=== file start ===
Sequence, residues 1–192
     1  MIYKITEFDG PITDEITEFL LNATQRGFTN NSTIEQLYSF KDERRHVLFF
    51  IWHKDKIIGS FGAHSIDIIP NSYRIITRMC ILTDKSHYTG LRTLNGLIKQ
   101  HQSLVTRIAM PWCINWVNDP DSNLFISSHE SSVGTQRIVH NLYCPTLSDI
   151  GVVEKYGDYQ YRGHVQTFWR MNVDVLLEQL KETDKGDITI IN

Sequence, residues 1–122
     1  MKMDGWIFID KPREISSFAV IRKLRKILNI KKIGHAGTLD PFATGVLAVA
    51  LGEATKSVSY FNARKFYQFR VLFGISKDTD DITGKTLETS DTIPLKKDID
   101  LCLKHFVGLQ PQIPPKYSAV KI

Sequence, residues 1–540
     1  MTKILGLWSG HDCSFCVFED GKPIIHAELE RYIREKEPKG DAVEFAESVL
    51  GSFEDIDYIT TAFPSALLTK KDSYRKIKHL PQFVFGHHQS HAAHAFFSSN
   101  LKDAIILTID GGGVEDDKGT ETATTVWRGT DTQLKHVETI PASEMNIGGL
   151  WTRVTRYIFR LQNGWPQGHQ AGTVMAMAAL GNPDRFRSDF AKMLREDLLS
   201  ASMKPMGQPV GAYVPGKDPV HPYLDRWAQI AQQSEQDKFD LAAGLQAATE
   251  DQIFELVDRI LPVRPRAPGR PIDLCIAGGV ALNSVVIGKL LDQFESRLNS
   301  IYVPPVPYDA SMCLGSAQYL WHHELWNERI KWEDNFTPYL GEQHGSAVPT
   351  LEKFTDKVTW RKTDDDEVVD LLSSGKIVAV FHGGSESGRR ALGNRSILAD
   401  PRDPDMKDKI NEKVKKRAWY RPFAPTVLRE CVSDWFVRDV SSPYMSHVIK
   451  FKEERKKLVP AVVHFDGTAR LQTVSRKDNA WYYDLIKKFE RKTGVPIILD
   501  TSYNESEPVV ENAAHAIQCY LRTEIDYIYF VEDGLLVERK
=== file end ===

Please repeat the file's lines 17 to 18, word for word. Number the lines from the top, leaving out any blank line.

   301  IYVPPVPYDA SMCLGSAQYL WHHELWNERI KWEDNFTPYL GEQHGSAVPT
   351  LEKFTDKVTW RKTDDDEVVD LLSSGKIVAV FHGGSESGRR ALGNRSILAD